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Not Dead Yet and the Christian right’s pro-life movement

Just how close are they?

Not Dead Yet UK is a secular organisation. Its members are very keen to get that across. They are not ‘pro-lifers’. When they send out a press release it says clearly they are “not faith centred or allied to any organised religion”. But how close are they to organisations like Christian Concern who very much are?

Not Dead Yet
A Not Dead Yet demo during the Assisted Dying Bill. They say they are ‘not faith centred or allied to any organised religion’

It is hard to be sure how much crossover exists between the ‘many groups opposed to assisted suicide’ and how they collaborate. But what is clear is that some members of Not Dead Yet are using pro-life campaign tactics, with the support of Christian Concern, in their opposition to Noel Conway and that those tactics are crass and hurtful.


Not Dead Yet say they are not sure if the people doing this are their members or not (although they knew at least one was in 2015), but a recent and worrying series of events suggest they should find out:

  • In 2015 Nikki Kenward was a prominent member of Not Dead Yet, best known for opposing the DPP’s prosecution guidelines for the crime of assisting a suicide.
  • At the Assisted Dying Bill demonstration in September 2015, Not Dead Yet activists were campaigning alongside large puppets and props. The same props Not Dead Yet member, Liz Carr, posed in front of at Nikki Kenward’s case in November.
  • In July 2017 Not Dead Yet sent out an inaccurate press release about their opposition to Noel Conway’s legal case. Nikki Kenward and others were outside court demonstrating with fake coffins and the same puppets.
  • When Noel Conway’s case retuned to the Court of Appeal on 1 May 2018, Christian Concern sent a press release highlighting that Nikki Kenward and her theatre group ‘The Distance Voices’ would be there with a ‘giant graveyard’.
  • The giant graveyard appeared outside the Court of Appeal and featured Not Dead Yet’s logo. They deny involvement and say they have asked for their logo to be removed.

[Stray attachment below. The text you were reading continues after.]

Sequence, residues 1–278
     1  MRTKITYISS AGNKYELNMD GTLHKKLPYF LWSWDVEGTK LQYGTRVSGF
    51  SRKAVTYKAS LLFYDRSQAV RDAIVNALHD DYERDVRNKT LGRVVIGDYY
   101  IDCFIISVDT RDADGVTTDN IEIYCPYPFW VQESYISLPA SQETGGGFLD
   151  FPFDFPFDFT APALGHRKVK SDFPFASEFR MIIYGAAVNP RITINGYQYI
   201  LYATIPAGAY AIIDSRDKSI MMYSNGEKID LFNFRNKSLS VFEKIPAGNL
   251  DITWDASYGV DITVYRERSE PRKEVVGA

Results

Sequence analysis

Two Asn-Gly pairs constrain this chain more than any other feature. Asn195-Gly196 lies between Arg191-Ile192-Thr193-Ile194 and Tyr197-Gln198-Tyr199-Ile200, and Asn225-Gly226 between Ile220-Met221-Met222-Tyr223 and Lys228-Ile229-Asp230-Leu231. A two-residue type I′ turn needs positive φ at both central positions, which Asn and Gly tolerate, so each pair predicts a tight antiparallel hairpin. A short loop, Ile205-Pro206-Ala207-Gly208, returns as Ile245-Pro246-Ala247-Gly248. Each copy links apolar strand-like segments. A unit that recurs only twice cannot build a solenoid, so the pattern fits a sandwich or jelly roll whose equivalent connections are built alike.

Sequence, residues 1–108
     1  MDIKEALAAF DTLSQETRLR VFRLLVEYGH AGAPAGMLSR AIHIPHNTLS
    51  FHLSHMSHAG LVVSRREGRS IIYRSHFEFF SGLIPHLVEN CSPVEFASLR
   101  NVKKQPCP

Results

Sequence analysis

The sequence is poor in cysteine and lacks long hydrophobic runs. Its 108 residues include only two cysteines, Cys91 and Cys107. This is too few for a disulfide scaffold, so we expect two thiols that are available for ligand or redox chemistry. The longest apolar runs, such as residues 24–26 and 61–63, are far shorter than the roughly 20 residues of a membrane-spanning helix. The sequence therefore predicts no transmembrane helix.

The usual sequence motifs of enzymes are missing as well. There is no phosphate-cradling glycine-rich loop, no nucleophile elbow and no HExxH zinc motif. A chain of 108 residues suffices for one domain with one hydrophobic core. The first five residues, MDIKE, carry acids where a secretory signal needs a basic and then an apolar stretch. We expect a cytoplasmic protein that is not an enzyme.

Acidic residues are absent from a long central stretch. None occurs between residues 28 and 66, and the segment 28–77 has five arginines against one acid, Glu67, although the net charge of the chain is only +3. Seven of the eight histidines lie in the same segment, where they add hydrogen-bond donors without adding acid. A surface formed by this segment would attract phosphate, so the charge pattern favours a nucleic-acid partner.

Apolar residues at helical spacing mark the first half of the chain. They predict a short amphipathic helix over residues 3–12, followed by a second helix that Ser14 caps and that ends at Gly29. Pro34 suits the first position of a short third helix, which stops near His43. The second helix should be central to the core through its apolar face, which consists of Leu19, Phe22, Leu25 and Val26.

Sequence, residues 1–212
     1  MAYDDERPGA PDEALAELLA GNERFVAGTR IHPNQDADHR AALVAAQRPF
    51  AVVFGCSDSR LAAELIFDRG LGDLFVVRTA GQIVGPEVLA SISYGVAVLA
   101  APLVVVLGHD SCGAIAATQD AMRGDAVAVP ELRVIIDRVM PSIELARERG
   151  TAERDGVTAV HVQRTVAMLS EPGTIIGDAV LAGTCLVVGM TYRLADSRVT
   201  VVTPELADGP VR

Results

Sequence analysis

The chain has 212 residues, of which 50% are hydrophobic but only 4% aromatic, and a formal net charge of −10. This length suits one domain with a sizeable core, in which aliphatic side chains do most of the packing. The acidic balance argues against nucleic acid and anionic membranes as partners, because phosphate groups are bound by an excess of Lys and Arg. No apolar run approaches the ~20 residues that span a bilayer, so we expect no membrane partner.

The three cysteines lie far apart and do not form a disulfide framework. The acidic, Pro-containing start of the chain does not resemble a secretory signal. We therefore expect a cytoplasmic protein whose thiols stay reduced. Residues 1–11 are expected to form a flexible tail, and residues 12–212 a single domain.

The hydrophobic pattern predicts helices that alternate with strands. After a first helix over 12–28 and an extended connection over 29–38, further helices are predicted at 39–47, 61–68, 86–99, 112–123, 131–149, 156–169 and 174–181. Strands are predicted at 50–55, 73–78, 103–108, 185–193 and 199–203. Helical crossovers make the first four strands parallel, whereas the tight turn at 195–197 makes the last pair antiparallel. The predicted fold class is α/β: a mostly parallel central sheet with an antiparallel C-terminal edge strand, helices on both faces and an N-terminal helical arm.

Not only are these tactics questionable, they were also very badly implemented. One headstone in the fake graveyard featured a story about the death of a young person due to neglect, without the consent of the relatives of those involved. This shocking lack of tact and disregard for the views and feelings of others is the hallmark of pro-life campaigners. Not Dead Yet’s response to this was denial of their involvement, but they have made no public effort to dissuade Nikki Kenward and her colleagues from using similar tactics in the future.

Why does this matter?

Christian Concern is an increasingly discredited organisation. It is known for a variety of outrageous behaviour, including claiming that ‘Tom Daley turned gay because his father died’, funding ‘gay cure’ therapy and most recently giving a potentially vulnerable family ‘fanatical and deluded’ legal advice via their legal arm, the Christian Legal Centre. Their tactics are splashed all over the news and Not Dead Yet’s logo was splashed all over a fake headstone that Christian Concern was promoting. This should worry people on both sides of the assisted dying debate.

It seems clear that current or past members of Not Dead Yet are working in coordination with the pro-life, anti-choice Christian right. This should concern ordinary secular members of Not Dead Yet and in particular Not Dead Yet’s founder, Baroness Jane Campbell, a crossbench life peer. Baroness Campbell has campaigned for equality with tenacity and credibility for many years. It is unthinkable that an organisation she founded could become interwoven with an evangelical Christian group which is so opposed to equality.

These risks seem clear, but to date Not Dead Yet’s response has been worryingly lacklustre. I hope Baroness Campbell can rectify this and support the volunteers who run Not Dead Yet to ensure their legitimate campaigning is not drawn into the world of pro-life campaign tactics that are so hurtful. Whether Not Dead Yet can do this and persuade all their members to campaign with respect remains to be seen. We’ll find out if and when Noel Conway’s case makes it to the Supreme Court.